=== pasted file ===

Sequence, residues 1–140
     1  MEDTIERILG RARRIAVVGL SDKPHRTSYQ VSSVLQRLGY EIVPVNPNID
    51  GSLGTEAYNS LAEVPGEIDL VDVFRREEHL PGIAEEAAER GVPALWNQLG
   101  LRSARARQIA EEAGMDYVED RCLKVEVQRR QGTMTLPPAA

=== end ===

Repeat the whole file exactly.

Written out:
Sequence, residues 1–140
     1  MEDTIERILG RARRIAVVGL SDKPHRTSYQ VSSVLQRLGY EIVPVNPNID
    51  GSLGTEAYNS LAEVPGEIDL VDVFRREEHL PGIAEEAAER GVPALWNQLG
   101  LRSARARQIA EEAGMDYVED RCLKVEVQRR QGTMTLPPAA